CONTEXT: Acute postoperative pain remains inadequately assessed and managed. A valid instrument that assesses acute pain in sedated postanesthesia care unit (PACU) patients is needed. OBJECTIVES: Two behavioral pain assessment instruments, the NonVerbal Pain Scale Revised (NVPS-R) and Critical-care Pain Observation Tool (CPOT), were used to determine whether these instruments adequately assess acute pain in the PACU. METHODS: A crossover study design was used...
August 2018: Clinical Journal of Pain
Francesco Sulla, Nilson De Souza Ramos, Noemi Terzi, Tania Trenta, Mariella Uneddu, Melanny Alessandra Zaldivar Cruces, Leopoldo Sarli
BACKGROUND AND AIM: Pain in intensive care units (ICUs) is a frequent and often undermanaged problem. Brain-injured patients are often unable to reliably self-report their pain, calling forth the need to use behavioural scales such as the Critical-Care Pain Observation Tool (CPOT). This study aimed to test the reliability and validity of the Italian CPOT use with brain-injured ICU adults. METHOD: A sample of 50 adults critical care patients was included. Each patient was assessed by two independent observers at three predefined times - at rest; during mobilization for hygiene; 20 minutes later - using the CPOT, PAINAD, and NRS...
November 30, 2017: Acta Bio-medica: Atenei Parmensis
Hoda Chookalayia, Mehdi Heidarzadeh, Mohammad Hassanpour-Darghah, Masoomeh Aghamohammadi-Kalkhoran, Mansoreh Karimollahi
OBJECTIVE: The Critical-Care Pain. OBSERVATION: Tool is one of the instruments developed to assess pain in patients who are unable to communicate verbally. The study aimed to survey the psychometric properties of Critical-Care Pain. OBSERVATION: Tool in four groups of non-verbal patients according to their Richmond Agitation Sedation Score (RASS). STUDY DESIGN AND METHODOLOGY: 65 critically ill patients (medical, surgical, trauma) were assessed using the critical care pain observation tool on six occasions (before, during and after nociceptive and non-nociceptive procedures)...
February 2018: Intensive & Critical Care Nursing: the Official Journal of the British Association of Critical Care Nurses
Saskia Rijkenberg, Willemke Stilma, Robert J Bosman, Nardo J van der Meer, Peter H J van der Voort
OBJECTIVES: The Behavioral Pain Scale (BPS) and Critical-Care Pain Observation Tool (CPOT) are behavioral pain assessment tools for sedated and unconscious critically ill patients. The aim of this study was to compare the reliability, internal consistency, and discriminant validation of the BPS and the CPOT simultaneously in mechanically ventilated patients after cardiac surgery. DESIGN: A prospective, observational cohort study. SETTING: A 20-bed closed-format intensive care unit with mixed medical, surgical, and cardiac surgery patients in a teaching hospital in Amsterdam, The Netherlands...
August 2017: Journal of Cardiothoracic and Vascular Anesthesia
Takeshi Suzuki
Pain management is a very important aspect in the intensive care unit (ICU), as adequate pain control has been shown to be associated with better clinical outcomes in critically ill patients. A Numerical Rating Scale (NRS) ranging from 0 to 10 (0, no pain; 10, maximum pain), which is based on a patient's self-report, is the gold standard for pain evaluation in patients who can communicate their pain intensity. On the other hand, it is very difficult to evaluate the degree of pain in critically ill patients owing to decreased consciousness level, delirium, and the effect of sedation for mechanical ventilation management...
2017: Journal of Intensive Care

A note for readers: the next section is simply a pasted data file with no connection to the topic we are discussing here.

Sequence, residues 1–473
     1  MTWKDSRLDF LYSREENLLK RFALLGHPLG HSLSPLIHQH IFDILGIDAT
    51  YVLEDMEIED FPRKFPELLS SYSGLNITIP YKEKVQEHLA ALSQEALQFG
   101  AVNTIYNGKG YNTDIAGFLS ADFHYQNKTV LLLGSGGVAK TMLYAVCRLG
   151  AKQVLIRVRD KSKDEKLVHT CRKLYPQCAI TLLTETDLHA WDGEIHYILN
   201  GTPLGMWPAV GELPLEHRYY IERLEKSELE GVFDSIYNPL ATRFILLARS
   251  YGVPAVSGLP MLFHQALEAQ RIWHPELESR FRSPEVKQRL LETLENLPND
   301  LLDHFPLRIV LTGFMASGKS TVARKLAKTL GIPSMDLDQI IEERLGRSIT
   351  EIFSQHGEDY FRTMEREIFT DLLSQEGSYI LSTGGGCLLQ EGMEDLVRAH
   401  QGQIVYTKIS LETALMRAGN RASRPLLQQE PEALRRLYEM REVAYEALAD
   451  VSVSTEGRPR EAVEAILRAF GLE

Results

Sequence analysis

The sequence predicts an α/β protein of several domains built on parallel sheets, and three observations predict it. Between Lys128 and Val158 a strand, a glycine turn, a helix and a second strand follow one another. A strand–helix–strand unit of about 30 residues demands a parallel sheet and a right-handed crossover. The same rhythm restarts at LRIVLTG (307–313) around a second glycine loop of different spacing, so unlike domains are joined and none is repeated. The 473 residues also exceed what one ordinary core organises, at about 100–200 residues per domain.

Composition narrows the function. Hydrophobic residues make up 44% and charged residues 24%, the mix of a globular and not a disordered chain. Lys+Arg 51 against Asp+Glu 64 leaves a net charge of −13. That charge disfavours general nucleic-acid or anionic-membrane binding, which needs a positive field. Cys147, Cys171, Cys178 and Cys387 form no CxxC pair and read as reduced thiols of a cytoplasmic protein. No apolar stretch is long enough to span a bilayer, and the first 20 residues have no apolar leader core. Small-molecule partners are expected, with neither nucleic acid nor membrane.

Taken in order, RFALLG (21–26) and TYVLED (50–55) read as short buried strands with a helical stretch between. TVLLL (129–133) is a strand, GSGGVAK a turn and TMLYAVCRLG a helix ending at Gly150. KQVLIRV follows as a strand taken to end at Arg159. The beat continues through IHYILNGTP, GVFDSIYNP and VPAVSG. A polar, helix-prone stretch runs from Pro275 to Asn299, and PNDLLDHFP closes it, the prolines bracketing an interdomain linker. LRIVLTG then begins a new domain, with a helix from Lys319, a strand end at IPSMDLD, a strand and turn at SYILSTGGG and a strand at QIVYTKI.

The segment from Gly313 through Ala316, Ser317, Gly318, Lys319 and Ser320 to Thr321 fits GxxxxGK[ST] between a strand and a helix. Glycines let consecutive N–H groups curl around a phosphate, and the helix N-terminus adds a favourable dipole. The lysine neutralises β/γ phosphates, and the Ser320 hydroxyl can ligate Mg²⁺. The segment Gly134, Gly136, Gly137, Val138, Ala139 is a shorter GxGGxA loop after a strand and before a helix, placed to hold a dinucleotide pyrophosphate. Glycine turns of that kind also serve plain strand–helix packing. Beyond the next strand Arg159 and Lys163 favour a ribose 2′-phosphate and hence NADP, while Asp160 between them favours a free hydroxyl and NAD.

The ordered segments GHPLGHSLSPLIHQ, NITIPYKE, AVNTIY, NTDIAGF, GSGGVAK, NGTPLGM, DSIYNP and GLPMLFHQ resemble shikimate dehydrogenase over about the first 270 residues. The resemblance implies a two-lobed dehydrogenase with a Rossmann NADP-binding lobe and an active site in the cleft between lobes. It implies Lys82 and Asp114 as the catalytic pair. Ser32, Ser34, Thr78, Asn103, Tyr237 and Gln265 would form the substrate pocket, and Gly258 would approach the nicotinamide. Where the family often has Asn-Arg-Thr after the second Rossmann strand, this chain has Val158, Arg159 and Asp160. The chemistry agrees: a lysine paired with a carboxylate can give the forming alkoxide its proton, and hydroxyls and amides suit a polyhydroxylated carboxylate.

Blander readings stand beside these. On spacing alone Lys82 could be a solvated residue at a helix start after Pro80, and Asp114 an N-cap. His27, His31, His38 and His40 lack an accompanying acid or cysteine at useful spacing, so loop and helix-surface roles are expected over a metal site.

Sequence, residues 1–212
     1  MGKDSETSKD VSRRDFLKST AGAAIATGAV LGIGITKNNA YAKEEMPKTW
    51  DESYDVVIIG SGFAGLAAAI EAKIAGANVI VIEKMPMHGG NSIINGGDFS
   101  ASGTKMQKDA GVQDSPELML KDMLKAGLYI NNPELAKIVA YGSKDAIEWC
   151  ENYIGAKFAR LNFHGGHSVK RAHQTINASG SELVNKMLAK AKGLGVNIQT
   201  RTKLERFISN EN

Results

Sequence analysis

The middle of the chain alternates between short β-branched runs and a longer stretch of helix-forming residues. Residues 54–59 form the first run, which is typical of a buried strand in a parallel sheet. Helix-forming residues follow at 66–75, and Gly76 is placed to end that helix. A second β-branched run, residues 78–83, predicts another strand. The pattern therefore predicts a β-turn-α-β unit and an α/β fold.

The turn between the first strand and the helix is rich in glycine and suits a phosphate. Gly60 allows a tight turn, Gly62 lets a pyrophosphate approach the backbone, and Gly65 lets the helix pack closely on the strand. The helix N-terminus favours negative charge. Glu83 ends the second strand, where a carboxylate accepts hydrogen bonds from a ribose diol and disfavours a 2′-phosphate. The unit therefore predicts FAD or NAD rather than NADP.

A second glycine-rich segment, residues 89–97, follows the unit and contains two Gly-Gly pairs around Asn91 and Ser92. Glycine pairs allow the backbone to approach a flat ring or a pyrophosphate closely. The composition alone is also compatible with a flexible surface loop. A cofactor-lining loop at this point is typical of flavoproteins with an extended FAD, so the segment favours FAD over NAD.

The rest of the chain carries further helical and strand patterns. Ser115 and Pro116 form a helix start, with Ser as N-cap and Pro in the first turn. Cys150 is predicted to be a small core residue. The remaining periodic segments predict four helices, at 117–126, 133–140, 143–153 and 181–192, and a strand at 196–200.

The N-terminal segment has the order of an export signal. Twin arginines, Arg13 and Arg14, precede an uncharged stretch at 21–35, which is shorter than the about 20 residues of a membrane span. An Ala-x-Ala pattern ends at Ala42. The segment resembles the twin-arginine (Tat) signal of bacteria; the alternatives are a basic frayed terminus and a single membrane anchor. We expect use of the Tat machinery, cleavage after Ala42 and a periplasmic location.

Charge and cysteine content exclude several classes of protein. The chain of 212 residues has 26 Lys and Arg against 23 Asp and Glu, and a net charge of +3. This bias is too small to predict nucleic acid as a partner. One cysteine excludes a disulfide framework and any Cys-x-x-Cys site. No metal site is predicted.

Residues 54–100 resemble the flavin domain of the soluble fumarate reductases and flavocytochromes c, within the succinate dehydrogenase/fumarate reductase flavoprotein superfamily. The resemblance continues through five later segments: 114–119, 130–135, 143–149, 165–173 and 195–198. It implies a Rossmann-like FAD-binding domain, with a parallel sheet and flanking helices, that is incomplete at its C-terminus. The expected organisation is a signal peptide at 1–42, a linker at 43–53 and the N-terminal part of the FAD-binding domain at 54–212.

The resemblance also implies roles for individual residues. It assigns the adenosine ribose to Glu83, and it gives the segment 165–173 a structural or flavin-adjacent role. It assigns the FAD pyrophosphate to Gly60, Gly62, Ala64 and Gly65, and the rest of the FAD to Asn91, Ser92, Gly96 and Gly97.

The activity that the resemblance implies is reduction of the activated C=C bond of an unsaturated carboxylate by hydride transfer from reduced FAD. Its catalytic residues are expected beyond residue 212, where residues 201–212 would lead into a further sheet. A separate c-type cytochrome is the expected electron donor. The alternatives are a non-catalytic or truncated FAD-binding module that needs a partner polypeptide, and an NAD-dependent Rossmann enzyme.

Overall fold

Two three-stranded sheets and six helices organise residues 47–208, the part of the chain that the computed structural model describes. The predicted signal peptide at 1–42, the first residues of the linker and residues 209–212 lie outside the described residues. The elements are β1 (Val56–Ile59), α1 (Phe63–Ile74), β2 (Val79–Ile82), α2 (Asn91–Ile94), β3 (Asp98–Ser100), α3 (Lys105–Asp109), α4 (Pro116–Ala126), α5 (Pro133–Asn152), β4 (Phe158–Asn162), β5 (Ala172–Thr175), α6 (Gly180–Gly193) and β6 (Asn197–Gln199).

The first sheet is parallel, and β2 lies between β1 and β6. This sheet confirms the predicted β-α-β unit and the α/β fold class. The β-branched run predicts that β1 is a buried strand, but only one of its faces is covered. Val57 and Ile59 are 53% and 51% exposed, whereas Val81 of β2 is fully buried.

Malihe Rafiei, Ahmad Ghadami, Alireza Irajpour, Avat Feizi
BACKGROUND: Application of a reliable and authentic behavioral tool for measuring patients' pain, hospitalized in intensive care units who are not able to establish relationship, is needed severely. Therefore, this study is conducted with the aim of validating Critical Care Pain Observation Tool (CPOT) in patients hospitalized in surgical wards. MATERIALS AND METHODS: CPOT was first translated into Persian and was psychometrically measured in terms of content. RESULTS: It should be noted that the content validity of CPOT was approved by panel of specialists...
September 2016: Iranian Journal of Nursing and Midwifery Research
Paolo Severgnini, Paolo Pelosi, Elena Contino, Elisa Serafinelli, Raffaele Novario, Maurizio Chiaranda
BACKGROUND: Critically ill patients admitted to intensive care unit (ICU) may suffer from different painful stimuli, but the assessment of pain is difficult because most of them are almost sedated and unable to self-report. Thus, it is important to optimize evaluation of pain in these patients. The main aim of this study was to compare two commonly used scales for pain evaluation: Critical Care Pain Observation Tool (CPOT) and Behavioral Pain Scale (BPS), in both conscious and unconscious patients...
2016: Journal of Intensive Care
Nai-Huan Hsiung, Yen Yang, Ming Shinn Lee, Koustuv Dalal, Graeme D Smith
This study describes the cultural adaptation and testing of the behavioral pain scale (BPS) and the critical-care pain observation tools (CPOT) for pain assessment in Taiwan. The cross-cultural adaptation followed the steps of translation, including forward translation, back-translation, evaluation of the translations by a committee of experts, adjustments, and then piloting of the prefinal versions of the BPS and the CPOT. A content validity index was used to assess content validities of the BPS and the CPOT, with 0...
2016: Journal of Pain Research
Aaron M Joffe, Bridgett McNulty, Madalina Boitor, Rebekah Marsh, Céline Gélinas
OBJECTIVE: Pain is a common symptom in the intensive care unit (ICU). Brain-injured patients are often unable to reliably self-report their pain, calling forth the need to use behavioral scales such as the Critical-Care Pain Observation Tool (CPOT). This study aimed to test the reliability and validity of the CPOT use with brain-injured ICU adults. MATERIALS AND METHODS: Eight trained staff nurses and a medical student scored the CPOT before and during a nonpainful (ie, gentle touch) and at least 1 painful (eg, turning) procedure...
December 2016: Journal of Critical Care
J B Frandsen, K S O'Reilly Poulsen, E Laerkner, T Stroem
BACKGROUND: Assessing pain in critically ill patients is a challenge even in an intensive care unit (ICU) with a no sedation protocol. The aim of this study was to validate the Danish version of the pain assessment method; Critical Care Pain Observation Tool (CPOT) in an ICU with a no sedation protocol. METHODS: Seventy patients were included in this study. The patients were observed during a non-nociceptive procedure (wash of an arm) and a nociceptive procedure (turning)...
October 2016: Acta Anaesthesiologica Scandinavica